How Dubstep Works


Dubstep Meets the American Mainstream
James Blake has made noise both in England and across the pond in the U.S.
James Blake has made noise both in England and across the pond in the U.S.
Hayley Madden/Redfern/Getty Images

The arrival of dubstep to America traces back to Dave Q and Joe Nice, DJs who followed the electronic music scene in the United Kingdom. Smitten with the sound, the pair organized a dubstep-themed club night entitled Dub War at a Brooklyn bar in June 2005. The event's success spawned more festivals in other American cities, like Smog in Los Angeles, as well as events in Miami, San Francisco and elsewhere. With the low cost and easy accessbility of recording software available to aspiring dubstep producers, the genre spread to places like Japan, Australia and Brazil.

Mainstream record producers latched onto the sound, as well. In the latter half of the 2000s, R&B singer Rihanna, rappers Jay-Z and Kanye West, and the heavy metal group Korn all assimilated dubstep into songs. Even pop star Britney Spears incorporated the genre's tropes into two of her singles. Big-name music festivals like Bonnaroo, Coachella and Burning Man host dubstep performances. In 2011, two gatherings devoted to electronic dance music -- Electric Daisy Carnival in Las Vegas and Ultra Music Festival in Miami -- drew more than 380,000 attendees combined [source: Mason]. And in 2012, dubstep producer DJ Skrillex received three Grammy Awards, as well as a nomination for Best New Artist -- the first time a DJ was nominated for the category [source: Sinha-Roy]. And since the tempos sync up nicely with hip-hop tracks, it is not uncommon to see dubstep remixes of rap songs.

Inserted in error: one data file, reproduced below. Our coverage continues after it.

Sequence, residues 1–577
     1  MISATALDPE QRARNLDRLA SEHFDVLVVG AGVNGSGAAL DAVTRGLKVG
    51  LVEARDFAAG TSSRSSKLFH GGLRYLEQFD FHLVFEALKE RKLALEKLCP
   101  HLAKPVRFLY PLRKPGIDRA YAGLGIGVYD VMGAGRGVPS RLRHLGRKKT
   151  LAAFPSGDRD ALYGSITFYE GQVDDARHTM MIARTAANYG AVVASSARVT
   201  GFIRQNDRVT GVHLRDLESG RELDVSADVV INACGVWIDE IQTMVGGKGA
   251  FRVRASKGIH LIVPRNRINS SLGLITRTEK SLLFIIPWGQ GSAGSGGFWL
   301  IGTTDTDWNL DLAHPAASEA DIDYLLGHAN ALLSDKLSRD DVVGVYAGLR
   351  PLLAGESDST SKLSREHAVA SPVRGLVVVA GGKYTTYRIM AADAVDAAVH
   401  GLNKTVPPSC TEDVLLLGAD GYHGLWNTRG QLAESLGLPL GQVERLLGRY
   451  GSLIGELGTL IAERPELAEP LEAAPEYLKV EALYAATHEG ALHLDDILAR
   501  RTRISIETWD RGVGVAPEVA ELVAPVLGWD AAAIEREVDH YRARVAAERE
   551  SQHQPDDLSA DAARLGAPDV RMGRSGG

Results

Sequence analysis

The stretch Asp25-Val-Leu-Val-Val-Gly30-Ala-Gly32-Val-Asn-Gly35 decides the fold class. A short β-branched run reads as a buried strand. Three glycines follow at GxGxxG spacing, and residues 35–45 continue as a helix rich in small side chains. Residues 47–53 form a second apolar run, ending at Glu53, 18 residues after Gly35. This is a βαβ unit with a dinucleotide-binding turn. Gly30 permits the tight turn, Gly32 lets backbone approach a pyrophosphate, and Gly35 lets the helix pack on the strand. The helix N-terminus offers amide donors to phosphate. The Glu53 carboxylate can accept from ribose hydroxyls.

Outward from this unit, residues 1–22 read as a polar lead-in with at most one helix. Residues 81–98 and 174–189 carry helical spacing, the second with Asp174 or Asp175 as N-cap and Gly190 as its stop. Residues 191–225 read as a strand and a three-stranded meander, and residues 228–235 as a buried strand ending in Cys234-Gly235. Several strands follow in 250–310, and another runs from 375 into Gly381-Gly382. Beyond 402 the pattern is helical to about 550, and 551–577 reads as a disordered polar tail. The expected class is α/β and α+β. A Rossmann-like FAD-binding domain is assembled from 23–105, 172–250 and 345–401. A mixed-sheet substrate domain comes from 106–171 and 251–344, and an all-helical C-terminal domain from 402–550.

The entry of dubstep into the American mainstream spawned a sub-genre called "brostep." So named for the fraternity "bros" that embrace the sound, brostep embodies dubstep at its most aggressive: distorted bass lines playing at frequencies closer to mid-range, cartoonish or outlandish lyrics and themes, and tracks designed to whip live audiences into a dancing frenzy. Perhaps in response, a separate wing of avant garde artists has tailored moodier, more rhythmic types of dubstep less concerned with danceability. Another permutation sometimes called "lovestep" incorporates female vocals and tempos reminiscent of 1980s love ballads [source: Ricciardi]. Some musicians borrow elements from other niches of the electronic music world, while others borrow from wholly different genres, from classical to heavy metal to hip-hop. So, while dubstep has its own aural conventions, like any other genre of music, it isn't bound by them.

For lots more information on dubstep and other music genres, see the links below.

Related Articles

Sources

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  • De Wilde, Gervase. ''Put a bit of dub in your step.'' Telegraph. Oct. 14, 2006. (Feb. 8, 2012) http://www.telegraph.co.uk/culture/music/3655896/Put-a-bit-of-dub-in-your-step.html
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  • McBride, Blair. ''Japan's dubstep forges own path.'' The Japan Times Online. Mar. 19, 2010. (Feb. 12, 2012) http://www.japantimes.co.jp/text/fm20100319a1.html
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  • Sherburne, Philip. ''Brostep, A Gentlemanly Introduction.'' Rhapsody: The Mix. July 27, 2011. (Feb. 8, 2012) http://blog.rhapsody.com/2011/07/brostep.html
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  • uDubstep.com. ''What is Dubstep?'' 2011. (Feb. 9, 2012) http://www.udubstep.com/what-is-dubstep/
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  • Yenigun, Sami. ''The Year in Music: Dubstep's Identity Crisis.'' WBUR. Dec. 30, 2010. (Feb. 8, 2012) http://www.wbur.org/npr/132447535/the-year-in-music-dubsteps-identity-crisis

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